The stories of that drowning haunted me for years: my uncle kicking himself free from his horse in the swirling waters, my father and grandfather in a boat rescuing another cowboy in the water, my uncle calling out to my dad, my dad turning around to rescue my uncle--too late. In my mind, I always see a hand reaching out and another hand disappearing under rippling waves of muddy water.

Death, I knew then, can come suddenly to those in the prime of life, and rescue impossible.

About this time, I also began reading the Roman and Greek Stoics: Marcus Aurelius, the Roman Emperor; Epictetus, the Greek slave who won his freedom; Seneca, the tutor of Nero sent into exile and then later required to take his own life. The Stoics, I thought, seemed to have a better understanding of life and death than the fundamentalist Christianity in which I was reared; it was clear to me then that the hand of God did not always reach out to touch the hand of man.

"It is not that we have a short time to live," Seneca writes his friend Paulinus, "but that we waste a lot of it." And later in the letter, he advises, 
[t]he greatest obstacle to living is expectancy, which hangs upon tomorrow and loses today....[T]he whole future lies in uncertainty: live immediately...So you must match time's swiftness with your speed in using it, and you must drink quickly as though from a rapid stream that will not always flow.
Later, Seneca in exile writes his mother: "No man has been shattered by the blows of Fortune unless he was first deceived by her favours."

The Stoics taught me that the best way to live is each day at a time,  recognizing that tomorrow could bring calamity with little or no notice. They also taught me that I could choose how to react to life's vicissitudes.

I haven't always adhered to those lessons, but most of my life experiences have taught me the truth of them again and again.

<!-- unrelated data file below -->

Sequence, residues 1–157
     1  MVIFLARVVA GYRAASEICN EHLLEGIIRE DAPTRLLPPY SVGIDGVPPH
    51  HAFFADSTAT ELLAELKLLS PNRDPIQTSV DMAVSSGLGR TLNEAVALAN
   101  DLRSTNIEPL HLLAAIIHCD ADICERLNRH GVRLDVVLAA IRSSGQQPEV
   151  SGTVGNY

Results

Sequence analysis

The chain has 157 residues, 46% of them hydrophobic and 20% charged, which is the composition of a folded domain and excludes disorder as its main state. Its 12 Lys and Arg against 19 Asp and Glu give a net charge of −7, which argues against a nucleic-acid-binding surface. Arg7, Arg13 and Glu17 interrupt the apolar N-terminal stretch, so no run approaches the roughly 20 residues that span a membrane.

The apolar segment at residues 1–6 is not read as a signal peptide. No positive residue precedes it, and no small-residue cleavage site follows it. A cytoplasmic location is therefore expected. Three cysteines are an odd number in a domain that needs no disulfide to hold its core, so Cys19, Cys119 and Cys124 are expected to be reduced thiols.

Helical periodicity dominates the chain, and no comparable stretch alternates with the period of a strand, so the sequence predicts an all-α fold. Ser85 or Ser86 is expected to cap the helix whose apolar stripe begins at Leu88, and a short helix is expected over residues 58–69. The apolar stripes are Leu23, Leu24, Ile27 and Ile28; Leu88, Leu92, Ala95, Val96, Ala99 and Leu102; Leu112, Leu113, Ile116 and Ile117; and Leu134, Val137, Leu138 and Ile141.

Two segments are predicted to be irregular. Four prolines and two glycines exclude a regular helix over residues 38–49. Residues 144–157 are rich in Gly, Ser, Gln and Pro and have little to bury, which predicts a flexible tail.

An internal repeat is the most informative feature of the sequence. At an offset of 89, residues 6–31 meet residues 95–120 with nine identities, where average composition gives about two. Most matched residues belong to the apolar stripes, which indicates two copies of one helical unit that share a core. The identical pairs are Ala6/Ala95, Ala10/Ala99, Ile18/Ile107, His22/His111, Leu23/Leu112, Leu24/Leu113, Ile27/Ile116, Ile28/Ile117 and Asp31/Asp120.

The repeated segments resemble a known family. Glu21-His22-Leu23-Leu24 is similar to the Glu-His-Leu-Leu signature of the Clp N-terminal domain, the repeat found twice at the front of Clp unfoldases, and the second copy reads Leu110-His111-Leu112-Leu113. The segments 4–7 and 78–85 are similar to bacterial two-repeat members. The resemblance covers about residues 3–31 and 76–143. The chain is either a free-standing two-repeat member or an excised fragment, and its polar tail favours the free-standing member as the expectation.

In 1987, my husband and I stood with the rest of his family, watching his 54-year-old mother breathe in and out the last air of her world. Mary had been diagnosed with cancer--melanoma--just a few months earlier. She had noticed the symptoms long past the possibility of any medical remediation available at the time. I remember looking out over Houston from the window of the hospice where my mother-in-law was dying, listening to her rasping breath in the background, and thinking of the similarities of birth and death, the labors in this case of the person dying rather than the person giving birth.

And so we leave life as we enter it, taking our last breaths of the amniotic fluid of the familiar present into an unknown future or annihilation. 

Three years later, Tom and I were standing in a funeral home in Baytown, Texas, discussing with a local funeral director the deteriorating state of the body of Tom's father. What remained of my father-in-law, George Nystrom Greene, lay in an open casket before us. With some precision, the funeral director described to us the process of that deterioration, speculating on how possible it might be to mask decomposition enough to have an open casket funeral the following day, which was Thanksgiving. 

Ten to eleven days earlier, on November 15th, George emerged from a dive in the Cayman Islands and took his last breath of air before collapsing from a massive heart-attack. It had taken several days for the body to be flown back to Texas, during which time my husband and his sister had to attend an inquest on their father's death in Cayman Brac.

Listening to the mortician describe how the embalming could not eliminate the decomposition which had already occurred and how he could enclose most of the body in plastic to prevent any noticeable effects, I felt as if there were two of me standing before that open casket: one the daughter-in-law, numb with grief, the other a detached observer noting the macabre situation with a dark sense of humor.

My father-in-law was 57 years old when he died.

This second death in Tom's family, coming so soon as it did after that of the first--and Tom's parents' being so young when they died--had a profound effect on me as we went through all of George and Mary's belongings. I remember opening up the bag that contained the clothing George had taken with him on his trip to the Cayman Islands, the material suggesting the living body that had just inhabited it. I remember how items in the house revealed George's expectations of return: the Christmas list with presents purchased and names of those for whom the presents were intended, the pistol loaded and tucked carelessly beside the bed, dirty clothes left in a hamper. All these details--and more--were melancholy mementos of life's fragility.